A former Metro Police officer has been sentenced to a year in federal prison for a civil rights violation, after his body camera showed him slamming a woman's head against his patrol vehicle and dragging her to the ground three years ago.
The American Civil Liberties Union of Nevada and several area attorneys active in police abuse cases said they could not immediately recall another Las Vegas police officer being sentenced to prison for similar excessive force.
Richard Thomas Scavone, 51, also was sentenced to an additional year of supervised release for what the woman's former lawyer once called unjustified "street justice" after she was accused of loitering for purposes of prostitution.
The attorney, noted civil rights advocate Cal Potter, died last year
Scavone's attorney, federal public defender Nisha Brooks-Whittington, did not immediately respond today to messages seeking comment.
Scavone acknowledged that he repeatedly hit the handcuffed woman's head on the hood of his patrol car, grabbed her around the neck and threw her to the ground.
The police department agreed in July 2016 to pay the woman $200,000 to settle a civil rights lawsuit after she claimed she suffered permanent injuries to her face, teeth, neck and back.
Scavone was an eight-year police officer who was suspended after the allegations came to light and he was arrested on state charges including felony oppression under color of office, and misdemeanor battery and filing a false report.
A federal grand jury indicted Scavone in 2016, and the case was turned over to U.S. prosecutors.
Scavone's sentence by U.S. District Judge Richard Boulware followed his guilty plea last September to a misdemeanor federal charge of deprivation of rights under color of law. His was ordered to surrender on April 11.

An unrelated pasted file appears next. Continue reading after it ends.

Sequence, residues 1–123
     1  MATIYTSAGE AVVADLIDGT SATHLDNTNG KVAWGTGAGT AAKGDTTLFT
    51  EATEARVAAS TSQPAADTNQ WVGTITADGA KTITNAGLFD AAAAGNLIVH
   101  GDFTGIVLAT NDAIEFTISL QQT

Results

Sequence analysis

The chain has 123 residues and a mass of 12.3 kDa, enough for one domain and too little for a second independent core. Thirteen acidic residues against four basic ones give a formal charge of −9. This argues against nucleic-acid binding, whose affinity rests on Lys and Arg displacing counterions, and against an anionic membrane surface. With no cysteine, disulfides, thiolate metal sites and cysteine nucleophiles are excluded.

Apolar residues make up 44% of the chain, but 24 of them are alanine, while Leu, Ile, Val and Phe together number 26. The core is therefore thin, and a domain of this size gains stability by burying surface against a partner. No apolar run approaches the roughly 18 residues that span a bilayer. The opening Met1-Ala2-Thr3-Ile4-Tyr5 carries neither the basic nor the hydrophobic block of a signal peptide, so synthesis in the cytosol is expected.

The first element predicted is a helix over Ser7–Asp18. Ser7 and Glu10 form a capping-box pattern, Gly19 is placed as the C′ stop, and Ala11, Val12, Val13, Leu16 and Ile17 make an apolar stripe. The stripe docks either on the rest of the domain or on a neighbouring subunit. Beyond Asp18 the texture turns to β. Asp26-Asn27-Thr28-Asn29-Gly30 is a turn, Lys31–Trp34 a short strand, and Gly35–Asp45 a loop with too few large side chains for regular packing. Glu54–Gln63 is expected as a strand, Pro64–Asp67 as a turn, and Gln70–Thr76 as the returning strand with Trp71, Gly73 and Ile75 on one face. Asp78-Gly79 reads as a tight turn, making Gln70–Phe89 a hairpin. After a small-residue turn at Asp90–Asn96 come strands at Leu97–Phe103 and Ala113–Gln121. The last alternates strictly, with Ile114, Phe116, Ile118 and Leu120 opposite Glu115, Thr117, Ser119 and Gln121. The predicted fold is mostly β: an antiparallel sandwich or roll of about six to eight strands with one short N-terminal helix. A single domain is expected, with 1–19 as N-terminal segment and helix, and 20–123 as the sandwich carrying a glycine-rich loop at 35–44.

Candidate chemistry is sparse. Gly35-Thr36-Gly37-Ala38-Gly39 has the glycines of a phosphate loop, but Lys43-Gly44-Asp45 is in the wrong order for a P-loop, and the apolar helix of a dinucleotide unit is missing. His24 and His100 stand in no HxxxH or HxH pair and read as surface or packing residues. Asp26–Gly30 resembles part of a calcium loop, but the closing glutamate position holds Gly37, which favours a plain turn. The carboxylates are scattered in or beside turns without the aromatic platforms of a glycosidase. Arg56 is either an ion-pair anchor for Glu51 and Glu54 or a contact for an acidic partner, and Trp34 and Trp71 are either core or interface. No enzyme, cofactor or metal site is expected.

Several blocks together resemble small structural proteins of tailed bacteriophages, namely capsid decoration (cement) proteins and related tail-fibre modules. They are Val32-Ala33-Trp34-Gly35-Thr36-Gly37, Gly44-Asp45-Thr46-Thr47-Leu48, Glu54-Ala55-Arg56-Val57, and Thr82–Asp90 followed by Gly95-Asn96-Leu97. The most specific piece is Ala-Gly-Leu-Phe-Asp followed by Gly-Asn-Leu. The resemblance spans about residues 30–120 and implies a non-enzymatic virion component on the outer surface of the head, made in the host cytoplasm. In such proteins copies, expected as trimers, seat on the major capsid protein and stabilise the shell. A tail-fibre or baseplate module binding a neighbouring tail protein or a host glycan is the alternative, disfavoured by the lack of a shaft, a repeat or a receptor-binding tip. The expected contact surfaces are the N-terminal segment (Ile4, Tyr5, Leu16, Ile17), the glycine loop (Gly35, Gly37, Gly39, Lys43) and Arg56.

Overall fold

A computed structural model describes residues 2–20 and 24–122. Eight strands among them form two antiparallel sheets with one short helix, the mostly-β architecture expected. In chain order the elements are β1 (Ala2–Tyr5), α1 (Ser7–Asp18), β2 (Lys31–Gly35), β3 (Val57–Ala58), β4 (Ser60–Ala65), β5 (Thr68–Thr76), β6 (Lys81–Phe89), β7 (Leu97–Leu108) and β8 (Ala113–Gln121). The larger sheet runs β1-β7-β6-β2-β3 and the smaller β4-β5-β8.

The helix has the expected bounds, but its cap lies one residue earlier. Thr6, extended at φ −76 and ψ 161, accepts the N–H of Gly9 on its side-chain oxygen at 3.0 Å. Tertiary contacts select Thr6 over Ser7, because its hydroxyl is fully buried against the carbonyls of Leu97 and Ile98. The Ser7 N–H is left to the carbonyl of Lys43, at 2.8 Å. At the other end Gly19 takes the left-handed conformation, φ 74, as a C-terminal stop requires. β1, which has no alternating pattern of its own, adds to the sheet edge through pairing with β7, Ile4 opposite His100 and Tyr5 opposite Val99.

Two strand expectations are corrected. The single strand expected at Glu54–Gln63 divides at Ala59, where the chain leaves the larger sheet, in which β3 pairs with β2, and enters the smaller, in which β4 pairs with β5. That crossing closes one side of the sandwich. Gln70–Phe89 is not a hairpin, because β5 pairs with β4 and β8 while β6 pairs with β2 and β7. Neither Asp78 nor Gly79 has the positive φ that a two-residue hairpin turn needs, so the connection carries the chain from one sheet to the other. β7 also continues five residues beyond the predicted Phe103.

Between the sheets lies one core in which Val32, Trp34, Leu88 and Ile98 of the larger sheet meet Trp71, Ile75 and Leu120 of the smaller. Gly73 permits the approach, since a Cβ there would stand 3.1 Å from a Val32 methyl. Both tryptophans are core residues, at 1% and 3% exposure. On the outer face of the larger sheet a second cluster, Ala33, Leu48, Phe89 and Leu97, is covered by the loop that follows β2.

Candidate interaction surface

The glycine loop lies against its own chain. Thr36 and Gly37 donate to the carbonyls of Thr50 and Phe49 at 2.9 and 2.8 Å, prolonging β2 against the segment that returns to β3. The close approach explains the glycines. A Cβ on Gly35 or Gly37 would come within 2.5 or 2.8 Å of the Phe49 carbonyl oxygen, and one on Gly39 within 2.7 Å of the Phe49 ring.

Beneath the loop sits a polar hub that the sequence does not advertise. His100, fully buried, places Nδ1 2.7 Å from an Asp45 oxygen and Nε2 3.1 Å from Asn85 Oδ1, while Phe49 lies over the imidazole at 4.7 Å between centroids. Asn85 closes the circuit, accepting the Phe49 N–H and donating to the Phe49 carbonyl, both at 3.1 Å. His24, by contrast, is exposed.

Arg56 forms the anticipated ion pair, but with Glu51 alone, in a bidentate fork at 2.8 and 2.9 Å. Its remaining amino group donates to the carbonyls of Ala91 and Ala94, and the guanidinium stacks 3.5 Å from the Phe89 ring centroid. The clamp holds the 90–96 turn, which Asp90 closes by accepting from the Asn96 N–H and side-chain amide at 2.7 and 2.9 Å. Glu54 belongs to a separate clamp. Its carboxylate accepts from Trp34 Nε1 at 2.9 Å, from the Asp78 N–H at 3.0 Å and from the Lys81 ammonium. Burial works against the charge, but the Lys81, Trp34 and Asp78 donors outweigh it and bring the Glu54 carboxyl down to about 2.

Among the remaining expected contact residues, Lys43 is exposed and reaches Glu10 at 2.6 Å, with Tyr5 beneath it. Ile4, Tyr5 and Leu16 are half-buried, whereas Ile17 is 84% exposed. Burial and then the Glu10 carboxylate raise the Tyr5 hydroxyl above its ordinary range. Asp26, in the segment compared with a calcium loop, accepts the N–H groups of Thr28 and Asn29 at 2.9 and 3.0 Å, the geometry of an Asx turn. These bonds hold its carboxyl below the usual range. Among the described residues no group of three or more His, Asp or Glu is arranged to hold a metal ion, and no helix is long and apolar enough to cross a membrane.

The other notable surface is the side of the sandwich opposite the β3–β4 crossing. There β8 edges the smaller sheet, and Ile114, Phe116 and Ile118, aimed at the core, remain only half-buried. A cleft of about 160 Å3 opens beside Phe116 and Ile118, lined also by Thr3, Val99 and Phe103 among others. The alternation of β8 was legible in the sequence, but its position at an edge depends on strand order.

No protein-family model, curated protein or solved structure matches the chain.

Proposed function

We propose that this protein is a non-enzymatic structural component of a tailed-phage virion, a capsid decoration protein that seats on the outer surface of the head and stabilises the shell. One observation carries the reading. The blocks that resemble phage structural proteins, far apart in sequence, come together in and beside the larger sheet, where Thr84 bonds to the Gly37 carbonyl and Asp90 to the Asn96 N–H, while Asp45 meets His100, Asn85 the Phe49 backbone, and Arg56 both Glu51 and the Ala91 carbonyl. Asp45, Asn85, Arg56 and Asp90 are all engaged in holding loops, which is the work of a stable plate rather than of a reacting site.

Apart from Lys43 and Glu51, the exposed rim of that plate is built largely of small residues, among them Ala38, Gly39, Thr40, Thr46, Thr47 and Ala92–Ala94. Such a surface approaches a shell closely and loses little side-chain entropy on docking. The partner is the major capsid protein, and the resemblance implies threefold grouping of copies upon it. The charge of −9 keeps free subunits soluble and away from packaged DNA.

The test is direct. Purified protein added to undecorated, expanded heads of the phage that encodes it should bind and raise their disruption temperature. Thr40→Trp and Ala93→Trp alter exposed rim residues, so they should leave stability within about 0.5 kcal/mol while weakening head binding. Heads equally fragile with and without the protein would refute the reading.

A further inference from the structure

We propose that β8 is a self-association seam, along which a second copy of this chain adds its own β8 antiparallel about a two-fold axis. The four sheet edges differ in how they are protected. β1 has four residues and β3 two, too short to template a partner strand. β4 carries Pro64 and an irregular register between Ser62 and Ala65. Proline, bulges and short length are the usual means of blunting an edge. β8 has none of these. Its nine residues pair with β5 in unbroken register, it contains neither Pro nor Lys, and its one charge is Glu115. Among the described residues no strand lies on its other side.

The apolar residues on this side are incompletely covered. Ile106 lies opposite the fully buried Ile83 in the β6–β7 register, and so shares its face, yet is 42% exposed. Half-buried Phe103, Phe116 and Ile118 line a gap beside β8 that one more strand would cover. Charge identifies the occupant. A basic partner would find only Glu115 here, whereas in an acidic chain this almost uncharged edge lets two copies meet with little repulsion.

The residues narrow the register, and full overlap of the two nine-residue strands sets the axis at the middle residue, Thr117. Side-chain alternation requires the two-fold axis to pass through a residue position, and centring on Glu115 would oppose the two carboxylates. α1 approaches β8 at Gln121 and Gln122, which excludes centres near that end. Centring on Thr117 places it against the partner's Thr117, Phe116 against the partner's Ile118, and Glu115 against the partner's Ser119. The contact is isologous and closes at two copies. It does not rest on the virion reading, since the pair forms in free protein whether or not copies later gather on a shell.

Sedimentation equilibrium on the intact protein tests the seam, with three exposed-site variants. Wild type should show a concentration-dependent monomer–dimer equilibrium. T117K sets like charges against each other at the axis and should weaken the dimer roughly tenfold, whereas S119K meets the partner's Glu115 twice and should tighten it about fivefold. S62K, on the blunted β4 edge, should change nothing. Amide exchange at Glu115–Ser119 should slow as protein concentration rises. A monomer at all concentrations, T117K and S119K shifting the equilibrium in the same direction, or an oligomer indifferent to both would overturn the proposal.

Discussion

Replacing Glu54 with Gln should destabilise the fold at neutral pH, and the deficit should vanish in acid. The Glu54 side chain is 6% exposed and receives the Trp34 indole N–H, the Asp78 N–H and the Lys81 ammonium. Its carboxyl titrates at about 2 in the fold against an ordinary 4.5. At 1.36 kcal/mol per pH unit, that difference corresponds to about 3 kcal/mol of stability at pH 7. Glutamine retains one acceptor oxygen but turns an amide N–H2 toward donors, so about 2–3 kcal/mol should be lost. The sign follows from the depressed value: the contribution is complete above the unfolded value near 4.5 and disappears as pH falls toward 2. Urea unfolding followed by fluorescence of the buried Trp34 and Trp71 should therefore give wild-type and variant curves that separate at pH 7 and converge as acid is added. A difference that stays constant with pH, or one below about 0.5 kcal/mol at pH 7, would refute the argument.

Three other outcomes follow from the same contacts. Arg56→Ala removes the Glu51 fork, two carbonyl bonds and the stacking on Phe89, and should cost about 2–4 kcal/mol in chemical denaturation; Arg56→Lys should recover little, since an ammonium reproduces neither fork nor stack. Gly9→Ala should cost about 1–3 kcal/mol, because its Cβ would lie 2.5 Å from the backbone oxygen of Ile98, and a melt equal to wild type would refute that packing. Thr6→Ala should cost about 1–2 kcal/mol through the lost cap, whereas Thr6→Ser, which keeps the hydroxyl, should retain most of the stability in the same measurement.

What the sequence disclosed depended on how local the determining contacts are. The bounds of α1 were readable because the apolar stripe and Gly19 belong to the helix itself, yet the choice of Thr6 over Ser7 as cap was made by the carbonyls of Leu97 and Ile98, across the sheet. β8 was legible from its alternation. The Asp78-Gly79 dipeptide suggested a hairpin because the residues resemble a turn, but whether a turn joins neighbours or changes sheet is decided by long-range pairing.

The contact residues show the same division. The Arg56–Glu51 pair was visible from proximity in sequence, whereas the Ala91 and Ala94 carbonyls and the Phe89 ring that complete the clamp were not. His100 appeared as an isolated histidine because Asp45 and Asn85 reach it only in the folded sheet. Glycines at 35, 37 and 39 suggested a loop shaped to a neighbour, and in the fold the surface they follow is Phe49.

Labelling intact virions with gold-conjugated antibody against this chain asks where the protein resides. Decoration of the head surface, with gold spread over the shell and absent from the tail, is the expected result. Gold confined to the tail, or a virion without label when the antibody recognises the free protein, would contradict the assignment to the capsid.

Scavone was the first officer dismissed for conduct revealed by body camera footage.
ACLU legal chief Amy Rose called his sentence an example of body cameras bringing abuses to light and providing justice for victims.
During the past two years, Las Vegas police have deployed nearly 2,000 cameras among the department's more than 2,700 officers, making them standard equipment for patrol, SWAT, K-9 and traffic divisions.
Another officer, Kenneth Lopera, retired from the department in October after camera footage from a casino foot chase and arrest led to charges of involuntary manslaughter and oppression under color of office in the death of a man he put in an unauthorized chokehold.
Lopera could face up to eight years in state prison if convicted of the charges.
Two other officers were sent to prison in 2010 for their convictions in an off-duty drive-by shooting in 1996.
Ronald Mortensen was sentenced to life without parole for murder, and Christopher Brady served a nine-year federal sentence for driving the vehicle.